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To the psalmist’s question “How can we sing the Lord’s song in a foreign land?” the Rev. Ron McKinney had a ready answer during a recent online Chapel service for the national staff of the PC(USA): “How can we as Native Americans not sing our song? We are not in a foreign land. We are in our own land.”
The Four Chaplains stood on the deck of the USAT Dorchester on Feb. 3, 1943. Linked arm in arm, chaplains George Fox (Methodist), Alexander Goode (Jewish), Clark Poling (Reformed) and John Washington (Roman Catholic) sang hymns and offered prayers as the ship sank beneath the turbulent waves of the North Atlantic. Perhaps these courageous servants of God were comforted, even as we read in our Psalm, by knowing the faithful love of our Lord endures forever.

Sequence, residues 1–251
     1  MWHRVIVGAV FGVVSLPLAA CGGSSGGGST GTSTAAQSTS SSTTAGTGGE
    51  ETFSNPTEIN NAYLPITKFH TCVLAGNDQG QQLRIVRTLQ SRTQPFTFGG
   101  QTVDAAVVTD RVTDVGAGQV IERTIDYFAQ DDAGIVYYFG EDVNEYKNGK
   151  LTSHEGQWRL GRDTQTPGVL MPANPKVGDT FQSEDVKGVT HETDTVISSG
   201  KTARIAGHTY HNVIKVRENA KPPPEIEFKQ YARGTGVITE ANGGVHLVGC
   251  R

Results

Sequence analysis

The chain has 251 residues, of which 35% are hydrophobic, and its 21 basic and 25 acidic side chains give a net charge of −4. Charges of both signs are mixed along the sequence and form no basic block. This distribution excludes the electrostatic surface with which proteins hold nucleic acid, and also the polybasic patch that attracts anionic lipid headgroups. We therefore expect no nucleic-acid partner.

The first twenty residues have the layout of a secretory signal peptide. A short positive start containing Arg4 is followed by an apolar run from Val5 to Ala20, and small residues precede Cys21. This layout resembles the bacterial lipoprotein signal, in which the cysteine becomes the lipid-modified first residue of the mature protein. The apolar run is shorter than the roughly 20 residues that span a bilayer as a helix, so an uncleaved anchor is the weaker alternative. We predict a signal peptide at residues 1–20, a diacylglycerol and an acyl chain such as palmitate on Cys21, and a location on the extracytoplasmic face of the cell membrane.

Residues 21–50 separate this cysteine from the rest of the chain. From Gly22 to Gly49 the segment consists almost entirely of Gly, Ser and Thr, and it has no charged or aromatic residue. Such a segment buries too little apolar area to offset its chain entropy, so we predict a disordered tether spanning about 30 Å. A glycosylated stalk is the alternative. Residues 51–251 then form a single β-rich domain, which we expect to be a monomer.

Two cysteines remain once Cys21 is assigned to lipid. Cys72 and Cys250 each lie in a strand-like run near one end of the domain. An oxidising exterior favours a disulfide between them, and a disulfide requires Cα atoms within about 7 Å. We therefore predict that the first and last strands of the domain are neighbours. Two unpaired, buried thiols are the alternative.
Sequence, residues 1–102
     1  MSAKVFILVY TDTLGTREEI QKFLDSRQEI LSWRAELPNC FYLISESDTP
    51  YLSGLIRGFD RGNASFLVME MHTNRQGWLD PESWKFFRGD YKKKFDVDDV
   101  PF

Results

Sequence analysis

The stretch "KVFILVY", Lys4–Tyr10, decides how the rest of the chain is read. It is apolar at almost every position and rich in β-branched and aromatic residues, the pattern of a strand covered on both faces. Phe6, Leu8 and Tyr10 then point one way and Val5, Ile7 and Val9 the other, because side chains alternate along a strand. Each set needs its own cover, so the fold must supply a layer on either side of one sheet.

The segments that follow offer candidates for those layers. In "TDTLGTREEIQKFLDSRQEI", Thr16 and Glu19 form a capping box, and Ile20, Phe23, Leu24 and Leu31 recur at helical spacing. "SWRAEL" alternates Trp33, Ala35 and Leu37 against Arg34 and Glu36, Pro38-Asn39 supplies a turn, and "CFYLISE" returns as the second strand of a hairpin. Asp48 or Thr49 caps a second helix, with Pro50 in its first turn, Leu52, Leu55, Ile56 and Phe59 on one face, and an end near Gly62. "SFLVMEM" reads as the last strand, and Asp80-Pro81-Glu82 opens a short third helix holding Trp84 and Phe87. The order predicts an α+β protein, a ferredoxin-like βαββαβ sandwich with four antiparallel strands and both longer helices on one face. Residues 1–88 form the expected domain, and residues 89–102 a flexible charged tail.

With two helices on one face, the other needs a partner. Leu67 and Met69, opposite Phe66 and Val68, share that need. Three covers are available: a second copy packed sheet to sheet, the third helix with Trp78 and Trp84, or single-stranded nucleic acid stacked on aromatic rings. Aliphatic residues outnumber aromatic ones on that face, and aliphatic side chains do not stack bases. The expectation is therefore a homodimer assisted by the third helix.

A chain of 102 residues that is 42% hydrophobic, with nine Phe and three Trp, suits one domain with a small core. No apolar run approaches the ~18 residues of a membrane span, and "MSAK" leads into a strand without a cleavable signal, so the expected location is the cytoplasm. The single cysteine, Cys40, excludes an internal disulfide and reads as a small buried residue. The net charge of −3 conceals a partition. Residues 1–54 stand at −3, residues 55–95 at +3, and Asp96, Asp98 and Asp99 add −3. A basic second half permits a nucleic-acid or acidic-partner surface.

As Presbyterian Church (U.S.A.) congregations commemorated Reformation Sunday — remembering when Martin Luther posted his 95 theses for reform on a church door in Wittenberg, Germany, in 1517 — their thoughts turned to Swiss reformer Ulrich Zwingli and the worldwide COVID-19 pandemic.
“Blessed is the church that trusts in the grace of Christ to build congregational vitality,” said Ruling Elder Elona Street-Stewart, Co-Moderator of the 224th General Assembly (2020). This is just one of the Beatitudes read by Street-Stewart and the Rev. Gregory Jerome Bentley, Co-Moderator of the 224th General Assembly, as they opened the newly recorded Matthew 25 worship service.
The Rev. David Gambrell wrote extra stanzas for the classic hymn “For All the Saints” to help the Church address the pandemic and a need for racial justice.
Congregations are invited to make use of a prerecorded worship service based on the Matthew 25 vision, which will be available by November 22.